I renamed a few files in one batch script. Is there a way to undo the changes without having to rename them back?

Does Linux provide some native way of undoing?


Linux (like other unices) doesn't natively provide an undo feature. The philosophy is that if it's gone, it's gone. If it was important, it should have been backed up.

There is a fuse filesystem that automatically keeps copies of old versions: copyfs, available in all good distributions. Of course, that can use a lot of resources.

The best way to protect against such accidents is to use a version control system (cvs, bazaar, darcs, git, mercurial, subversion, ...). It takes a little time to learn, but it pays off awesomely in the medium and long term.

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    good alternative might be gitfs, which is under devlopment – test30 Feb 4 '16 at 13:23
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    Well if you accidentally delete or overwrite a file that you did not stage or commit yet then even a CVS does not help – xdevs23 Nov 2 '17 at 11:55

Unfortunately, no.

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    I don't know that I consider this unfortunate... It would take quite a few resources to implement an undo. I don't even like the -i option on rm enabled by default. My Unix systems should not hold my hand. – xenoterracide Aug 22 '10 at 8:18
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    -i is enabled by default?! not my distro, no sir! – Stefan Sep 5 '10 at 19:36
  • I never seen such a short answer with so much upvote before :D (no offense intended, I'm just genuinely surprised) – Nordine Lotfi Sep 10 '20 at 7:02

No there is no magical undo in any Unix. Unix assumes that you know what you are doing. For Undo support use a VCS (your text editor probably has it built in too).

Most filesystems do not have the capability of doing it transparently.

Time machine and system restore on mac and windows respectively are just backup/change control systems.


There is no undo in the command line. You can however, run commands as rm -i and mv -i. This will prompt you with an "are you sure?" question before they execute the command.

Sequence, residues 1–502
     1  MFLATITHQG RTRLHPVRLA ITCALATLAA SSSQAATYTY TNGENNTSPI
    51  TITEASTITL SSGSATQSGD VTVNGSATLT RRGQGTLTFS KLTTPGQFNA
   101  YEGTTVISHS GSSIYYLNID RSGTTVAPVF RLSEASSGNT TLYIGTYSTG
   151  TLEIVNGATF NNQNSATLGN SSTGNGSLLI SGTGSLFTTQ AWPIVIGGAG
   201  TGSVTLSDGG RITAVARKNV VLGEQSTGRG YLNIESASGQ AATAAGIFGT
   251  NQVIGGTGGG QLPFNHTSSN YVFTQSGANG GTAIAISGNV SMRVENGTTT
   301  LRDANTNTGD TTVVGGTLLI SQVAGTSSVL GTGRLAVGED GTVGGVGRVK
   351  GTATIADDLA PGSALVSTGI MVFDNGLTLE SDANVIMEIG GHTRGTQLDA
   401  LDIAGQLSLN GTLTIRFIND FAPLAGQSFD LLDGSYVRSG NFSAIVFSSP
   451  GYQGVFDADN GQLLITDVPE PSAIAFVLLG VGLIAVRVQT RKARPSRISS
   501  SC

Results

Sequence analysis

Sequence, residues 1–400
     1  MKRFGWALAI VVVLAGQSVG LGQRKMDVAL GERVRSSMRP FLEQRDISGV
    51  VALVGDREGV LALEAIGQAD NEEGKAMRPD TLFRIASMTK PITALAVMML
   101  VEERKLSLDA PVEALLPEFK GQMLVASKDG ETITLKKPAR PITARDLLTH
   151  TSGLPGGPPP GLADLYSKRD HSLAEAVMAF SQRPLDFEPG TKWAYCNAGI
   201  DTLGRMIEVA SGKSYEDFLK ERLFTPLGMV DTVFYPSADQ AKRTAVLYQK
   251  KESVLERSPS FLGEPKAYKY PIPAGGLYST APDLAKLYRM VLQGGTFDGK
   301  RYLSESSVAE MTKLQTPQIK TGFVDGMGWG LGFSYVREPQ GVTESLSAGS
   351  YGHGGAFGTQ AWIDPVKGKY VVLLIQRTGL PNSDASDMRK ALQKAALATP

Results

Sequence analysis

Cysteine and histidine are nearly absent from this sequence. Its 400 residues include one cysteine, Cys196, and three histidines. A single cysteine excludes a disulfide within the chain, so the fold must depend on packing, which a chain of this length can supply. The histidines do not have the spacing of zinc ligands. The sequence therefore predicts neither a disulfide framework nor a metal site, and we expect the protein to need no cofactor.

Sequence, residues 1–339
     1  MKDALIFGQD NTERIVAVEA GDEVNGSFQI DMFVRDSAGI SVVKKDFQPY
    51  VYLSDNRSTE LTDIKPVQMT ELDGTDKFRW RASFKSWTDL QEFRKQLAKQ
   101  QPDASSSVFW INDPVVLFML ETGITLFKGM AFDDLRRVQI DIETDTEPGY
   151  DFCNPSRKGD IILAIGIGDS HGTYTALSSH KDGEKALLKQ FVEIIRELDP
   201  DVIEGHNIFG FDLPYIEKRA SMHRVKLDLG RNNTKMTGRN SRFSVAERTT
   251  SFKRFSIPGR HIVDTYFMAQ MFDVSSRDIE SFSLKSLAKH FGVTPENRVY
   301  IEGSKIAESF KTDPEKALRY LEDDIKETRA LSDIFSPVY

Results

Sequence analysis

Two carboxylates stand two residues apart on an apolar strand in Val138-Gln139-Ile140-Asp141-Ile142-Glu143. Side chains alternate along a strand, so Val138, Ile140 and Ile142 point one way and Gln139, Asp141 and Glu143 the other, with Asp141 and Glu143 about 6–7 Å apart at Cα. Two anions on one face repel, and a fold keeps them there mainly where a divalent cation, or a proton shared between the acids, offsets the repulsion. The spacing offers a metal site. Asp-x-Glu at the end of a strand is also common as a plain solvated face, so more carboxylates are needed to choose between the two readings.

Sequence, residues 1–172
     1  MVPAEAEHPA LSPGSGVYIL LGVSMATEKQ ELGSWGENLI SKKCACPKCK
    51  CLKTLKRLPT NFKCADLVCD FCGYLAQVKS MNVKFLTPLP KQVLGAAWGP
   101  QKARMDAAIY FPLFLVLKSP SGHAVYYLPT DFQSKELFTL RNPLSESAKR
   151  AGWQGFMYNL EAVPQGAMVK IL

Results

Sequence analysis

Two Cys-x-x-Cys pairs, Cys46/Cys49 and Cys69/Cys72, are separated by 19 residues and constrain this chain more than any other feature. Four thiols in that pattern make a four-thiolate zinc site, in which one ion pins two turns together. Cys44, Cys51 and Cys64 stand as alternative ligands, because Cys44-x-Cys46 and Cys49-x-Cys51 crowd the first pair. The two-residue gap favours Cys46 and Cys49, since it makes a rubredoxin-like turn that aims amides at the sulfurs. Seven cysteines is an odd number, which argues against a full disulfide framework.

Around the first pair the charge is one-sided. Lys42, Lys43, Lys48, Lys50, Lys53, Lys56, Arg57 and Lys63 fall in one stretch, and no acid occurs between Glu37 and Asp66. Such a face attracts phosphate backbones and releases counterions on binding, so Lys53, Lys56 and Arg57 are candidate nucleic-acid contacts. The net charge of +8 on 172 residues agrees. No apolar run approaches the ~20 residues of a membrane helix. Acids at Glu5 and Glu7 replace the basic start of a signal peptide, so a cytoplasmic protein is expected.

It's also possible to add an alias for it to a startup script (e.g. ~/.bashrc or /etc/bash.bashrc):

alias remove='rm -i'
alias move='mv -i'

Edit: by the suggestions below, I've removed my advice to alias the default commands. Instead, it introduces new commands now).

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    +1. just to add here. After setting above aliases if in some cases you want to just directly remove without "are you sure" prompt you can use \rm and \mv to bypass alias. you can also use -f option. – Hemant Aug 22 '10 at 9:12
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    mv -i prompts only when it would overwrite a file (which makes it useful and not obnoxious). In the same vein, alias cp='cp -i'. – Gilles 'SO- stop being evil' Aug 22 '10 at 9:54
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    Aliasing rm and mv is a very bad idea. (rm is worse of all.) Never get in the habit of using rm to mean rm -i -- you'd eventually use it somewhere where the alias is not defined and you'll delete something for good. If you like being prompted, get in the habit of using rm -i all the time. – msakr Aug 22 '10 at 13:35
  • If you like being prompted, use an alias under a different name. I use move='mv -i', copy='cp -i', symlink='ln -si', and install a trash command to use instead of rm. I still use mv, cp, and rm directly when scripting, but for interactive use these aliases are handy. – Roger Pate Aug 23 '10 at 5:49
  • @mahmoudsakr You're completely right, I missed that point. I don't have these commands aliased either. Aliasing them as a different command seems like the most sane option! – vdboor Aug 23 '10 at 7:29